AN Arbitration Tribunal has ordered Vodacom Tanzania Limited to pay a local IT Consulting Company, FTS Service Limited, over 1bn/- being bonus compensation and damage payments, among others, for breach of an Agreement for provision of converged services and products.
FTS Service Limited had sued Vodacom Tanzania Limited for violating terms of their agreement and terminated their contractual business relationship with the local partner unlawfully.
The Tribunal comprising Court of Appeal Justice John Mrosso (rtd), High Court Judge Thomas Mihayo (rtd) and President of Tanganyika Law Society, seasoned advocate Charles Rwechungula, concluded that Vodacom Tanzania Limited wrongly and prematurely terminated the agreement with the FTS Company.
According to an award issued recently by the Arbitrators, FTS Services had entered into an agreement with Vodacom Tanzania Limited as Vodacom Business Partner, for promoting and selling what is known as converged services and Vodacom Business Solutions since June 6, 2012.
The claimant was to sell, market and obtain sales orders for a complete range of Vodacom Enterprise solutions, which included but not limited to provision of front line after sales technical assistance, share general market information about Vodacom products to customers and manage customer relationship.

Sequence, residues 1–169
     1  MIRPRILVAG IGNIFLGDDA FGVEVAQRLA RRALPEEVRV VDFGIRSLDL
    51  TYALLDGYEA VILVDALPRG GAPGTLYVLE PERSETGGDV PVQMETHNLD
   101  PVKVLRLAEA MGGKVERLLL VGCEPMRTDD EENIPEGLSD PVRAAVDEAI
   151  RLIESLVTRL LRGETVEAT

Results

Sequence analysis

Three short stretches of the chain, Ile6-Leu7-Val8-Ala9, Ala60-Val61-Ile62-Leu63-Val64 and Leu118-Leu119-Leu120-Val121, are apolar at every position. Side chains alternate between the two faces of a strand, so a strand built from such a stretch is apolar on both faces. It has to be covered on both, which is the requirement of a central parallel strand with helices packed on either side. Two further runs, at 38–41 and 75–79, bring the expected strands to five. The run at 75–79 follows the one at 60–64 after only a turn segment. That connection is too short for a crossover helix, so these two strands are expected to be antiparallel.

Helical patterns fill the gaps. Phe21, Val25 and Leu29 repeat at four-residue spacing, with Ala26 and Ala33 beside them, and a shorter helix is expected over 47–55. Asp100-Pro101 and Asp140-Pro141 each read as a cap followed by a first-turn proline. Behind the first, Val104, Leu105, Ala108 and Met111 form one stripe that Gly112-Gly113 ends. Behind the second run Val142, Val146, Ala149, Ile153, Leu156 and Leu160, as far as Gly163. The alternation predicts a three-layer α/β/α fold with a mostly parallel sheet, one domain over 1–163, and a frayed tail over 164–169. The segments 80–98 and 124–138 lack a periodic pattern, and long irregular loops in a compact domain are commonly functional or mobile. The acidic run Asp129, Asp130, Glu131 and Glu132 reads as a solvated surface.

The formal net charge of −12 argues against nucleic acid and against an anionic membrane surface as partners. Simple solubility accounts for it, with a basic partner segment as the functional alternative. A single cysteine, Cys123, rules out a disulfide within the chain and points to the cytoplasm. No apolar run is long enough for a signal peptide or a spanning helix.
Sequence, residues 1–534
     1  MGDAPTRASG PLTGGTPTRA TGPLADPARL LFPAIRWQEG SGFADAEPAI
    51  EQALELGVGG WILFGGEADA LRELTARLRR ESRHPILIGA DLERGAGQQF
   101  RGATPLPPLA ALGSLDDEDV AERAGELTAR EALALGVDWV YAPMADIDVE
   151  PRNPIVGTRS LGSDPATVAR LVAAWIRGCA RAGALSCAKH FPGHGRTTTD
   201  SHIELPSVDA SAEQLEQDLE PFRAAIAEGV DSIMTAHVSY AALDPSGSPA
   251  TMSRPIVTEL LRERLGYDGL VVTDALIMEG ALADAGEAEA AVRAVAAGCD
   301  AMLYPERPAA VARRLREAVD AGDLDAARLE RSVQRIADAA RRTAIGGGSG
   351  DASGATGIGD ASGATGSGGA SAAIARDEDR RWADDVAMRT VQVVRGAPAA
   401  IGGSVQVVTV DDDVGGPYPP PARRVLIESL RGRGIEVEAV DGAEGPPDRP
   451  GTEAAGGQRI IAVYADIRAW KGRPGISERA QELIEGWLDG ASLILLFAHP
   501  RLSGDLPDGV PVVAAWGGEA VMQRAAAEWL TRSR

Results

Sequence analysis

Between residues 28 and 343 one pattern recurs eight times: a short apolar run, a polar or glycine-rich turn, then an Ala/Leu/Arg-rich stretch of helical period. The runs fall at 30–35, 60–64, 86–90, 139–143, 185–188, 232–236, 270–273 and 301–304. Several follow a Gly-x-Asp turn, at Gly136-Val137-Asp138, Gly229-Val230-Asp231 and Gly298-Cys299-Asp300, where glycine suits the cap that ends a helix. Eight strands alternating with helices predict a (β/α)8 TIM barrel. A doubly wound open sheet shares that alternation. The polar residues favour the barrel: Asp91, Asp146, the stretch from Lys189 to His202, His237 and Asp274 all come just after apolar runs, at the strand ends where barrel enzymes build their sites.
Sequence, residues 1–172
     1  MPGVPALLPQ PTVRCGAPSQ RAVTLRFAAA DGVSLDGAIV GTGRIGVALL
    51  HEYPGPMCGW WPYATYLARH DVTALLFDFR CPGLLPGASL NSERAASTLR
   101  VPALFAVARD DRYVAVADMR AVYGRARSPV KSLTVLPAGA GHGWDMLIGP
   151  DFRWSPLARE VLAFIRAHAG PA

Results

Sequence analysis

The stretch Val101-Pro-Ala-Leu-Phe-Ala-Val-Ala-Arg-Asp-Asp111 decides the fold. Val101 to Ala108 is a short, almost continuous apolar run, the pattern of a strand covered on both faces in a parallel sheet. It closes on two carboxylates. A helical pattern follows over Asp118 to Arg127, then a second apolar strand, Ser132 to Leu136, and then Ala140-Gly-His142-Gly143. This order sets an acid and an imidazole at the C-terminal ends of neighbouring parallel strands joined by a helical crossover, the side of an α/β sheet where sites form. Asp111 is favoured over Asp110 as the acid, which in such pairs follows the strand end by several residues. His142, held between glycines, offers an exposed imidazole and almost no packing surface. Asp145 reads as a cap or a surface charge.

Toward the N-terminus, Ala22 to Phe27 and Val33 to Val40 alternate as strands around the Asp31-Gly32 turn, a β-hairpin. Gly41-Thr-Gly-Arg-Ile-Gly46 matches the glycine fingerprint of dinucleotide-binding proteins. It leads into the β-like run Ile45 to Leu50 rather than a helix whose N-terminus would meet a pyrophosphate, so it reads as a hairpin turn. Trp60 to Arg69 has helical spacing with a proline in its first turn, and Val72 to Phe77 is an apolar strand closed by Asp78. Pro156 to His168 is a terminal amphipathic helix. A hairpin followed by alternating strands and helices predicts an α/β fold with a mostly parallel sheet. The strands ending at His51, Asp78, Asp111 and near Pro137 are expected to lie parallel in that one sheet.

Records show that the contract was to continue for an initial period of two years and, thereafter, would be automatically renewed for an indefinite period.
It is alleged that on December 14, 2012, barely six months and eight days after start of the agreement, the respondent had written a letter of termination notice, which by then time barred, was emailed to the claimant on January 7, 2013.
The termination was made without any written notice being served to the local IT firm prior to the due date of termination. Efforts by the Claimant tried to have the Respondent reconsider its decision on termination of the contract were all in vain.
As a result, the IT local firm resorted to a clause under the agreement which allows taking the matter in dispute for arbitration. In their award, the arbitrators ruled, among others, that the respondent acted in breach of the agreement.
"The Claimant, therefore, was wrongfully terminated and was entitled for compensation on damages suffered as the result of the above illegal act.
The purported notice was not valid and it could not have the effect of terminating the agreement between the parties," they ruled.